“I don’t want to miss that college experience,” Lee said. “I do want to go to college and have fun and kind of get away from this elite atmosphere — just because it’s so crazy and I know that college is going to be way better.”

College is often viewed as a reprieve for elite gymnasts. They practice fewer hours and perform simpler routines. The focus shifts toward the team competition, usually held as dual meets, and gymnasts often say that switch makes the experience particularly enjoyable.

Lee will head to the highly competitive SEC as the most high-profile gymnast to compete at Auburn, where she’ll be coached by Jeff Graba, the twin brother of her current coach, Jess Graba. About 25 years ago, the brothers opened Midwest Gymnastics, Lee’s longtime club in Minnesota. Lee said she always wanted to attend Auburn because of that connection, even though Jeff Graba left the club in 2003 to pursue Division I coaching opportunities.

The Tigers have finished the season in the top 10 only once, and Lee immediately will elevate the program’s potential. She’s already on a billboard with Auburn’s logo. In the past, Lee might have ditched her collegiate plans to turn professional after her all-around gold, but now she can make money while competing for Auburn.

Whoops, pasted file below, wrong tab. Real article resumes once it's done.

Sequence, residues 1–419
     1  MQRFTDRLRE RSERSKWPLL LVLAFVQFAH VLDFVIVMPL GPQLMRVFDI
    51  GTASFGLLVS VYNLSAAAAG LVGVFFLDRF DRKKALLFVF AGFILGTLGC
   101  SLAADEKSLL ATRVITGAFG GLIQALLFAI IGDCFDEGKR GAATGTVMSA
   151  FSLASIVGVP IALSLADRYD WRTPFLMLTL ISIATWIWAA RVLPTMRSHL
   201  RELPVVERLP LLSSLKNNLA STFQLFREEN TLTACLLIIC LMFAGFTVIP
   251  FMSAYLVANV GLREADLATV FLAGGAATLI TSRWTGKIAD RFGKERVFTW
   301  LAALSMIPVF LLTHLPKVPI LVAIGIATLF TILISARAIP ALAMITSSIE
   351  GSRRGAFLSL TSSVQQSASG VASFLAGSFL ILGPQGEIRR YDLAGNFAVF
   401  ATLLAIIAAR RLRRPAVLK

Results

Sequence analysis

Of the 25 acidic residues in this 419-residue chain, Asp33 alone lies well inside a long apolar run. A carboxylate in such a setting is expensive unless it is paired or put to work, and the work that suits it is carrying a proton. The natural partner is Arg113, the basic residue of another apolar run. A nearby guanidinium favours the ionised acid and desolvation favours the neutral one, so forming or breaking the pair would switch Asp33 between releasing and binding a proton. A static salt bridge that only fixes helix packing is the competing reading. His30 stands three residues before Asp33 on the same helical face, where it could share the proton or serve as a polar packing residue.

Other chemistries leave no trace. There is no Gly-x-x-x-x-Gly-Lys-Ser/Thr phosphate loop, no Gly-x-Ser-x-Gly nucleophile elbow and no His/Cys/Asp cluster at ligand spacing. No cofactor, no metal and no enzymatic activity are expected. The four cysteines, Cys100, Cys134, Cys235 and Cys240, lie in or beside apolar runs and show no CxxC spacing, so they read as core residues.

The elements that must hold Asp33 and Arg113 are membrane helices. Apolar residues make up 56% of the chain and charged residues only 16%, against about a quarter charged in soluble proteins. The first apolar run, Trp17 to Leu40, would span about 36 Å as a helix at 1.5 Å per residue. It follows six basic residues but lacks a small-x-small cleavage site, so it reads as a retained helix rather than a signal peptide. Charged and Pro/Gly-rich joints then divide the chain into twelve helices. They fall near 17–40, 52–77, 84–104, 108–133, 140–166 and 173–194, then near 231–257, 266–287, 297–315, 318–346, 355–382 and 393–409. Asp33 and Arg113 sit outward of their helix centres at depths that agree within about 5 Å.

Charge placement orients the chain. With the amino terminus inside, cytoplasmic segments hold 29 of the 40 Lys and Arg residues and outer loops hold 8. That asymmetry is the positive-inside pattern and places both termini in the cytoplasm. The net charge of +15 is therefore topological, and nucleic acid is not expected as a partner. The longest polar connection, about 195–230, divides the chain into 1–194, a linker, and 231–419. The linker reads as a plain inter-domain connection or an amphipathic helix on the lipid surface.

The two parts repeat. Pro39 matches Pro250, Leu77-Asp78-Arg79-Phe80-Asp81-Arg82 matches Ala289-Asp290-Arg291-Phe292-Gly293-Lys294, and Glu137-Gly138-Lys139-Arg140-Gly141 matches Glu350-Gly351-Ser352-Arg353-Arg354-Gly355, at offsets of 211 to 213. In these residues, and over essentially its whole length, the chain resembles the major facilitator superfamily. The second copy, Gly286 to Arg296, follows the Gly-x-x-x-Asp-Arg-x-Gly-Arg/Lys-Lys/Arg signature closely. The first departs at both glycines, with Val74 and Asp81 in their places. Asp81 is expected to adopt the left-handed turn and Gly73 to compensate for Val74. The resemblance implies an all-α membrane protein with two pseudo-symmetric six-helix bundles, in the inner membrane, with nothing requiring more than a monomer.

“Thank goodness for the NIL,” Jeff Graba recently told, “because she doesn’t have to make a horrible decision.”

Lee said she’s looking forward to college because of the opportunity to be “normal” — or at least “more normal than I am right now.” She’ll live in a dorm and have more free time than she did while training as an elite gymnast pursuing a spot on the U.S. Olympic team.

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But Lee still will be a star on her campus and the most prominent freshman in college gymnastics history. The postponement of the Olympics prompted some gymnasts, such as Chiles, to delay their college enrollment, so this season’s freshman class will be packed with top-tier gymnasts. Fellow U.S. Olympic medalists Grace McCallum (Utah) and Jade Carey (Oregon State) also will start competing in the NCAA. So will Tokyo alternates Leanne Wong (Florida), Kara Eaker (Utah) and Emma Malabuyo (UCLA).

Lee hasn’t discounted the possibility of returning to elite competition, especially after winning the bronze medal on bars. That’s her best event, and she didn’t perform to her potential in the apparatus final. Lee has thought about participating in future world championships and maybe even the 2024 Paris Olympics. But she will make those decisions later. For now, she’ll pack up quickly and move to Auburn, giving her body some rest as she prepares for the less-taxing world of college gymnastics.

“I think, honestly, it’ll make me a lot happier, competing for a team and not individually like this,” Lee said. “It’s scary. And I just feel like I want to have some fun in college. Elite gymnastics has just been so mentally draining and exhausting.”